Welcome to our 2016 52 in 52 series. This year I will be reading 52 Magic: the Gathering novels spanning two decades of Vorthos lore. Each week I’ll share my review of the book along with a synopsis for those of you who are just interested in the core of the story.

by Vance Moore

After wrapping things up with the epic story of Urza and Yawgmoth it’s time to move on with our lives to the next saga on Dominaria. This time we find ourselves on the continent of Otaria, a part of Dominaria that was somehow completely ignored during the entire Phyrexian invasion despite Yawgmoth’s intent to cover the entire world and not to mention the fact that Crovax had a complete globe of Dominaria and oh yeah how is it possible Urza was never here? Plot holes much?

Okay, okay. Actually some of these plot holes get addressed in the short story collections we read out of order such as Secrets of Magic. Go back and check out some of the short stories there which take place on Otaria before the Odyssey story such as “Journey Home” which tells the story of Balthor the dwarf (who we’ll meet next week), “Stolen Harvest” which tells the story of how Aboshan became emperor of the Mer empire and how Laquatus became his ambassador, and “Family Man” which tells the story of the founding of the Cabal.

Now that you’ve filled in those blanks we can talk about Odyssey. Our tale begins about a century after the end of Urza’s war. We meet the barbarian Kamahl on his way into the incredibly poorly named “Cabal City.” Yes. I didn’t make that up. The city run by the equally poorly named Cabal is literally called Cabal City.

Can we take a quick aside and talk about how good we have it these days with story telling? No offense to the folks who did the world building for Odyssey block but “Cabal City?” Come on.

Kamahl, like many others, has been drawn unknowingly to Cabal City (ugh) by a mysterious and incredibly powerful artifact which we will later learn is called the Mirari. Among his competitors are Seton, a centaur from the forests, and Kirtar, a bird-soldier who is a member of the also-so-descriptively-named “Order.” Also we can’t forget about Ambassador Laquatus of the Mer empire and his frog-minion Turg.

Another quick aside. There are interesting names for some places in this story. Otaria. Pardic Mountains. Krosan Forest. Why was it so difficult to name the Cabal and the Order? Did people not think the audience would figure out who the good guys and the bad guys were? Thankfully the Order doesn’t hail from “Order City” but rather “The Citadel.” Sigh.

The story of Odyssey is about the mad chase for Mirari which ends up in the hands of Kirtar. No one really knows what Mirari does but anyone who’s anyone wants to possess it. Kamahl will travel far and wide to get it. Kirtar will slaughter against his nature to get it. Laquatus will do almost literally anything to get it. The story is completely driven by the desire of, chase for, and killing in the name of Mirari.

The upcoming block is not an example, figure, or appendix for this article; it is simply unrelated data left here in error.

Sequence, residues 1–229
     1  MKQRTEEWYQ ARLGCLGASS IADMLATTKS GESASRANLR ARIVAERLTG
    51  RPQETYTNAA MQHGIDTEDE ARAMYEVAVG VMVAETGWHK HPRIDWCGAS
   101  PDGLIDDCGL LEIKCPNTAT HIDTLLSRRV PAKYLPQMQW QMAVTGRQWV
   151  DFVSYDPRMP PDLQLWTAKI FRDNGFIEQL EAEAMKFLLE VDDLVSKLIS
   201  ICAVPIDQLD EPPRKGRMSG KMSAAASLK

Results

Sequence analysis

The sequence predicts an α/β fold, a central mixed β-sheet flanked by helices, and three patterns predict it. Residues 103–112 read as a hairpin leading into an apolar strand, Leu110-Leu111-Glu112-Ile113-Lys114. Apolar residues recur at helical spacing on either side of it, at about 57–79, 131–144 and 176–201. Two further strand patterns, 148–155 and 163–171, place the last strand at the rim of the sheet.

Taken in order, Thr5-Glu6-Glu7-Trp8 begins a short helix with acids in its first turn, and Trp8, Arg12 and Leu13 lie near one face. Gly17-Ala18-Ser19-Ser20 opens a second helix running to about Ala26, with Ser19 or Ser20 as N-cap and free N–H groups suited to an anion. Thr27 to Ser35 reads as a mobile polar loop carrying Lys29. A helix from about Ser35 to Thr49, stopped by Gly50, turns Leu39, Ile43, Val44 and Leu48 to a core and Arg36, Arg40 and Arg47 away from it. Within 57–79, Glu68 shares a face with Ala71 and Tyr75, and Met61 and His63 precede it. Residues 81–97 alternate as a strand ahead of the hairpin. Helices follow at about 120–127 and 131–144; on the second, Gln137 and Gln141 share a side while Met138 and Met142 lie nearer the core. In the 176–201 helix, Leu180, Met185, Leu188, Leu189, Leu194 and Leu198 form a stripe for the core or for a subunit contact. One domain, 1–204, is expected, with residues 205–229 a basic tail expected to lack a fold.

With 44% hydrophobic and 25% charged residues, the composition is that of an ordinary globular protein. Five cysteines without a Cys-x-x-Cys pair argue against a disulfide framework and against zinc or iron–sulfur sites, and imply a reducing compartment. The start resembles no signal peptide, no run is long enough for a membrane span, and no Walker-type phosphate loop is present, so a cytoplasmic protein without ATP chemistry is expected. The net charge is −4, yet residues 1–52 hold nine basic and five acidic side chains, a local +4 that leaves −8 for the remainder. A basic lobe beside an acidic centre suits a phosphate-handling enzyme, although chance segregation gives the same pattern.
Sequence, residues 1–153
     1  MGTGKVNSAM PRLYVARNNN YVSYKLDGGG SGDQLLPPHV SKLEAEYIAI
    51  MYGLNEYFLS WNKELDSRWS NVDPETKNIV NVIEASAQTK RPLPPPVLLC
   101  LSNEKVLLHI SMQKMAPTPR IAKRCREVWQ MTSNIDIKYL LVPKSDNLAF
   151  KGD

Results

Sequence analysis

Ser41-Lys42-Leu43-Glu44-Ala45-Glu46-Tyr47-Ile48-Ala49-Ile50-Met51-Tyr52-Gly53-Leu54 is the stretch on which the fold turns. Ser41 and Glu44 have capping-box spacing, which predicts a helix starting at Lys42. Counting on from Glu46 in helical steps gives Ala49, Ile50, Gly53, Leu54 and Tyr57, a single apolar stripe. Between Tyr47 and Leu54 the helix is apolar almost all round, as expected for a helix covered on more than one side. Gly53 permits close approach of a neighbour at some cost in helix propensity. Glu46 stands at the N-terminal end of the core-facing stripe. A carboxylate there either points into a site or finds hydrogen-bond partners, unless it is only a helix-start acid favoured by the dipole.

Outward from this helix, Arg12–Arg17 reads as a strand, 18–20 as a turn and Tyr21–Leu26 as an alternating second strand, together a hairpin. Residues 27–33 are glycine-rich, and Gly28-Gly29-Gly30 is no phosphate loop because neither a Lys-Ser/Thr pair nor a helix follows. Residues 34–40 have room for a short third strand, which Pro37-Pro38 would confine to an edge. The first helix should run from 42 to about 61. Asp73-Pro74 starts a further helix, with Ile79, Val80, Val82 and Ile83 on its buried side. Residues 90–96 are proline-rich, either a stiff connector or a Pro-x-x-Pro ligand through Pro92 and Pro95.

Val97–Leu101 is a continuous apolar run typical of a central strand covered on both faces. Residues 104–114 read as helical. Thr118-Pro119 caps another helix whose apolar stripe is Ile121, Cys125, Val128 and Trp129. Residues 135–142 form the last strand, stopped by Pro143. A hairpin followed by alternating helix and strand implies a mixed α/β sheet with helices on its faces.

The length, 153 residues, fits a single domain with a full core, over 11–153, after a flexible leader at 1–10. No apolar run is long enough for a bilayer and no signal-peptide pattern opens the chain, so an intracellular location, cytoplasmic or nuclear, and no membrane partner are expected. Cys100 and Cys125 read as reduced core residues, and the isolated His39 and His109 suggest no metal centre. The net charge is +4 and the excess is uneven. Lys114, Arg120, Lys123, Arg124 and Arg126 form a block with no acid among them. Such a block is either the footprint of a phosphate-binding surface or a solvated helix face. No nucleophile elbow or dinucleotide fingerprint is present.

Oh, and then there’s Caster Fulla, who you may better recognize from her portrait.

There’s another minor Cabal character who is around to help Kamahl when he arrives in Cabal City (ugh). His name is Chainer and we’ll talk a bit more about Chainer in next week’s story. For now, here’s a quick run-down of how the Odyssey story works:

  • Everyone wants Mirari
  • Everyone chases Mirari
  • Someone gets Mirari
  • Someone uses Mirari
  • That was a bad idea
  • Repeat from step one

End scene.

Overall Rating: 3.5 — The characters in this story are a very nice change of pace from Urza and the Weatherlight crew. Everyone on Otaria seems to be out for themselves, including the noble members of The Order. Or, at the very least, they’re all out for the Mirari. This is, to a certain extent for sure, the result of a society structured around a society/organization that is so creative enough to call themselves the Cabal. If I lived in a world with so little creativity that everything was run by “The Cabal” from “Cabal City” I’d probably be very bitter and angry all the time too.

Regardless of my relentless assault on organizational nomenclature, Odyssey was an enjoyable story. Some of the characters are incredibly likable (Kamahl, Seton, Chainer, Fulla, Pianna). Some of them are incredibly loathsome (Kirtar, Laquatus, Turg, Aboshan). But you’re genuinely interested in what they’re going to do next and who’s going to end up with Mirari.

The plot holes are mostly about how Odyssey ties into the rest of Dominaria, but as I mentioned earlier we have the luxury of accessing that information out of publication order from The Secrets of Magic anthology. The core story here, as simple as it may be, is still enjoyable and a refreshing change from the superhuman exploits of Gerrard and the Gang.

Next Week’s Book—Chainer’s Torment by Scott McGough

Next week we take a look at the darker side of life on Otaria as we learn all about young Chainer (pictured on the cover). The story of Torment will show us life in Cabal City away from the gladiatorial pits. Also, we’ll be treated to a prequel of sorts as the first half of Torment takes place before and during the events of Odyssey. It turns out that things may not be exactly what they seem.

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52 in 52 is a weekly feature here at Hipsters of the Coast written by former amateur Magic Player Rich Stein, who came really close to making day two of a Grand Prix on several occasions. Each week we will take a look at the past seven days of major events, big news items, and community happenings so that you can keep up-to-date on all the latest and greatest Magic: the Gathering community news.

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